They say after you have a baby, you blink, and then that baby is headed off to college.
I call bullshit.
A kid doesn’t just wake up one day and become an 18 year old. It’s a process. Time slows down after the age of 9.
And do you know why years 9 through 18 are slowed down? I’ll tell you why – it’s so Scott and I can be slowly reminded we’re going to be grandparents one day. THAT’S WHY.
The hormones that will make my grandchildren have showed up with their pretty, little eye-rolls.
Emma turned 9 this weekend. I usually write a sweet post about Emma’s birthday. Emma’s birth made me a mom. She made Scott a dad. Her grandparents became grandparents and her aunts and uncles became, well, aunts and uncles.
And when you’re a newbie at raising a baby, you will get unsolicited advice. Maybe it’s not so much advice but a warning. Like a hurricane. It’s coming straight for us and all we can do is board up the house and hide.
“You’re doing good, mom. Believe it or not, you’ll miss these days when she’s a teenager!” – an older mom at Target, watching me wrestle a screaming, arched-back baby Emma in my arms.
“Oh, this is nothin’. Just wait until junior high!” – my dad, during a five-year-old Emma meltdown.
“Well, she’s 9 years old now. She’s not a kid anymore. 4th grade is the year. You’ll start to see a few girls…with body changes.” – the pediatrician, at Emma’s wellness check.
If there is one thing my kid overachieves at, it’s exploding estrogen. The teenager showed up last year. It was subtle at first.
You’re the meanest mom ever! I tell all my friends you’re mean!
That’s cool. A big kid meltdown. When she’s mad at me, she runs to Scott. And when she’s mad at Scott, she runs to me. We have this all under control. She has no clue we’re on the same team.
Then it unraveled within the year.
I don’t like my hair in a ponytail because my face looks fat.
I just walked around the playground by myself because no one would play with me. I want to change schools now.
That girl said she’s not going to be my friend anymore. Everyone hates me because I’m ugly. And Kate is the pretty one.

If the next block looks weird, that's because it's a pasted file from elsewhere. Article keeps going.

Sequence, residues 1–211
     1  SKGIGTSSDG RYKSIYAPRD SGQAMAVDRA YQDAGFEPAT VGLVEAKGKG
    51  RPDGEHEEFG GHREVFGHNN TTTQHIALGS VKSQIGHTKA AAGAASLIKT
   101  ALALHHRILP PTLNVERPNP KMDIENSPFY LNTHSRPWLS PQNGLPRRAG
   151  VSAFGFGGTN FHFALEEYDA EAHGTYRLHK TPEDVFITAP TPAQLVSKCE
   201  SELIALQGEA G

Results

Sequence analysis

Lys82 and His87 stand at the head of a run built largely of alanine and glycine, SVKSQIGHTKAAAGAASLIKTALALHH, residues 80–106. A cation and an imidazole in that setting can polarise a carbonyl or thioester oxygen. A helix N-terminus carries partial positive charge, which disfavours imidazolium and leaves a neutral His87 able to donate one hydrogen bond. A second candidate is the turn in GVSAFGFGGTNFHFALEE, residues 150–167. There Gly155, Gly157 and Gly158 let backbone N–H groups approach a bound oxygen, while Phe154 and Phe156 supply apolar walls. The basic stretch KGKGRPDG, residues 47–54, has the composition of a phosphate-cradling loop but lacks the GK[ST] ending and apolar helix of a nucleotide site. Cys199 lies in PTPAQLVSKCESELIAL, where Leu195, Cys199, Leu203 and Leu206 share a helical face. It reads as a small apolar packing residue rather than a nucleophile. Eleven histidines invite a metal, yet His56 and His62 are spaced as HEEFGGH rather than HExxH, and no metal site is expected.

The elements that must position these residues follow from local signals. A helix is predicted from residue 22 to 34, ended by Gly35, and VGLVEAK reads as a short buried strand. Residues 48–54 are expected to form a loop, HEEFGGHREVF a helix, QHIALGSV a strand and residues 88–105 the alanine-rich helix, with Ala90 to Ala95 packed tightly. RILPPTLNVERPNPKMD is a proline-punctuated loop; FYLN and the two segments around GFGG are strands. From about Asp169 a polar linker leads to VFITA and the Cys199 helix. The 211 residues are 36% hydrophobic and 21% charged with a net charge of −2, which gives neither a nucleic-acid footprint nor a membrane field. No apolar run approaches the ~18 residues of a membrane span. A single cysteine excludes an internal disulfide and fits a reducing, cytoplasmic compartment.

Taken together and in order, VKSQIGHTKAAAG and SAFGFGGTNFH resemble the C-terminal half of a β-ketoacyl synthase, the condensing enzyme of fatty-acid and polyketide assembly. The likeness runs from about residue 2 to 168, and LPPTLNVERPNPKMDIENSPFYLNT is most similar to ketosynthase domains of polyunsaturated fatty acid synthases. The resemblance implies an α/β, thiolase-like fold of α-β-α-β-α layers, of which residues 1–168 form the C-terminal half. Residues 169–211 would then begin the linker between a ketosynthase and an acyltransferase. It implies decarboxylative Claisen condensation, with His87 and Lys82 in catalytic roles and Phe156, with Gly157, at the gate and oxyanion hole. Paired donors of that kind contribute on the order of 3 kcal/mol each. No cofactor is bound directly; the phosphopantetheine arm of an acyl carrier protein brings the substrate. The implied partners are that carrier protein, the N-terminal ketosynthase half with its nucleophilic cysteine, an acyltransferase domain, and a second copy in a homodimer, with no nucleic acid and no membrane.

Watching a child change into a woman is painful. Heartbreaking, even.
I could write advice about middle school and the awkward years. But she wouldn’t relate to it because she hasn’t been through it. And I know the first rule of age 9 through 18 because I invented the rule – don’t listen to your mother.
She’ll figure it all out.
She’ll figure out those mean kids don’t hate her. Those mean kids will just turn into asshole adults. The world is full of them. They probably don’t even know they’re assholes. She’ll learn to brush them off.
She’ll figure out she is not ugly. It won’t take a family member to tell her she’s not. Or even a girlfriend. Or a stranger. The only person that will get her to believe she is pretty is a boy.
And as far as a dislike for her hair up, well, I don’t like my hair up either. Not because of the word “fat” but because I feel like I look like a boy. If she doesn’t like her hair up, then good. She cares. Wear your hair down, Emma. Be your own woman.
She’ll figure out that raising a child never gets easier. Worry is a cloud that hangs over parenthood. Worrying about her baby taking its first breath is just as scary as worrying about her toddler falling down the stairs. And that worry is just as scary as that “child” driving off to college, freshman-stye.
She’ll figure out one day that she’ll be a woman that blinked. And she’ll call bullshit too.
Because she is my child.